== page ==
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1 year ago  ::  Jul 07, 2013 - 4:03AM #6
Karma_yeshe_dorje
Posts: 12,217

The following URL has a graphic explaining this subject.

Tor and HTTPS


  • Click the "Tor" button to see what data is visible to eavesdroppers when you're using Tor. The button will turn green to indicate that Tor is on.
  • Click the "HTTPS" button to see what data is visible to eavesdroppers when you're using HTTPS. The button will turn green to indicate that HTTPS is on.
  • When both buttons are green, you see the data that is visible to eavesdroppers when you are using both tools.
  • When both buttons are grey, you see the data that is visible to eavesdroppers when you don't use either tool.
  • Potentially visible data includes: the site you are visiting (SITE.COM), your username and password (USER/PW), the data you are transmitting (DATA), your IP address (LOCATION), and whether or not you are using Tor (TOR).



www.eff.org/pages/tor-and-https

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1 year ago  ::  Jul 11, 2013 - 2:58PM #7
Karma_yeshe_dorje
Posts: 12,217

Need I say more?


Microsoft helped the NSA to circumvent its encryption to address concerns that the agency would be unable to intercept web chats on the new Outlook.com portal;


The agency already had pre-encryption stage access to email on Outlook.com, including Hotmail;


The company worked with the FBI this year to allow the NSA easier access via Prism to its cloud storage service SkyDrive, which now has more than 250 million users worldwide;


Microsoft also worked with the FBI's Data Intercept Unit to "understand" potential issues with a feature in Outlook.com that allows users to create email aliases;


Skype, which was bought by Microsoft in October 2011, worked with intelligence agencies last year to allow Prism to collect video of conversations as well as audio;


Material collected through Prism is routinely shared with the FBI and CIA, with one NSA document describing the program as a "team sport".



m.guardian.co.uk/world/2013/jul/11/micro...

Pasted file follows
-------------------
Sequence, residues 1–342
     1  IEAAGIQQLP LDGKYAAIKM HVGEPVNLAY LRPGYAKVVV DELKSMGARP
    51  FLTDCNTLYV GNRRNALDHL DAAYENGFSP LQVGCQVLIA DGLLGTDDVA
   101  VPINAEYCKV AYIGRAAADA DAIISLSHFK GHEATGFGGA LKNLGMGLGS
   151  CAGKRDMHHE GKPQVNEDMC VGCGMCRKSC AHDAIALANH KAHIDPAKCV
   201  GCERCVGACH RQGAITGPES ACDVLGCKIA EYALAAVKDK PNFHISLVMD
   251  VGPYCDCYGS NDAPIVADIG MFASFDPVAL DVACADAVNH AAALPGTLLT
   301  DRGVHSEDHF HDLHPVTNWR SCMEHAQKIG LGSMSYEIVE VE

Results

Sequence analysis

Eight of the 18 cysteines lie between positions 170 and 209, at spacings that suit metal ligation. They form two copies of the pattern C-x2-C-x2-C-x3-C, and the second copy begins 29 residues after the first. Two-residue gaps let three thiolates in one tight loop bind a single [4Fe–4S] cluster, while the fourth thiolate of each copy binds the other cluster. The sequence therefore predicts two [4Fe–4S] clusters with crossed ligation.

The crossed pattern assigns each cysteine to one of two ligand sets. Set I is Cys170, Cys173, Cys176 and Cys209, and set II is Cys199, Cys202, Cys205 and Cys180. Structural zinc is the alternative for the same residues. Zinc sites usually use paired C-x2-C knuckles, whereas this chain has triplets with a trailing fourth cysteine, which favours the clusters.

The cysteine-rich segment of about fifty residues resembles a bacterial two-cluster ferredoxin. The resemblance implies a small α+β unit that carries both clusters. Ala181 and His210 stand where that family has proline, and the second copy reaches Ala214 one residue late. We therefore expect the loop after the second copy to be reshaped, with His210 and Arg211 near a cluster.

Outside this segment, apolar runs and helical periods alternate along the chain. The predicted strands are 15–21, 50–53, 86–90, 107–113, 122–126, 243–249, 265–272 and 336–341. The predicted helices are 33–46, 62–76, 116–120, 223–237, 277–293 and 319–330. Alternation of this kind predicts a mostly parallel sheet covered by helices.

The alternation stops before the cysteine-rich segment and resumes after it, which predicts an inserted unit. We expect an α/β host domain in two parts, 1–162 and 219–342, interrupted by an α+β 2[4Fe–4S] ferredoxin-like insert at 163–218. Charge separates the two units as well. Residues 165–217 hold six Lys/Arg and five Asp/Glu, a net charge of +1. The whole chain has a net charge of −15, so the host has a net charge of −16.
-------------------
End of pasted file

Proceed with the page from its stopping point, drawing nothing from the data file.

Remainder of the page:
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1 year ago  ::  Jul 17, 2013 - 12:39PM #8
Karma_yeshe_dorje
Posts: 12,217

Skype give-away.

In a long blog post addressing the latest reports that said Microsoft helped the NSA spy on its users, the company equated Skype with traditional calls, saying that it "[assumes] that all calls, whether over the Internet or by fixed line or mobile phone, will offer similar levels of privacy and security."


For security experts, that means Skype calls are at the mercy of NSA requests, just like traditional phone calls made with landlines or cellphones.


mashable.com/2013/07/16/microsoft-hints-...

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1 year ago  ::  Jul 18, 2013 - 8:39AM #9
Karma_yeshe_dorje
Posts: 12,217

At the following URL is a gift from the Electronic Frontier Foundation.

HTTPS Everywhere is a Firefox and Chrome extension that encrypts your communications with many major websites, making your browsing more secure.


www.eff.org/https-everywhere

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1 year ago  ::  Jul 18, 2013 - 2:30PM #10
Karma_yeshe_dorje
Posts: 12,217

Privacy is no more.

Nothing that is displayed, said or written on the Internet is immune to the electronic panopticon which scans, copies and stores every type of exchange.


www.worldmeets.us/liberation000177.shtml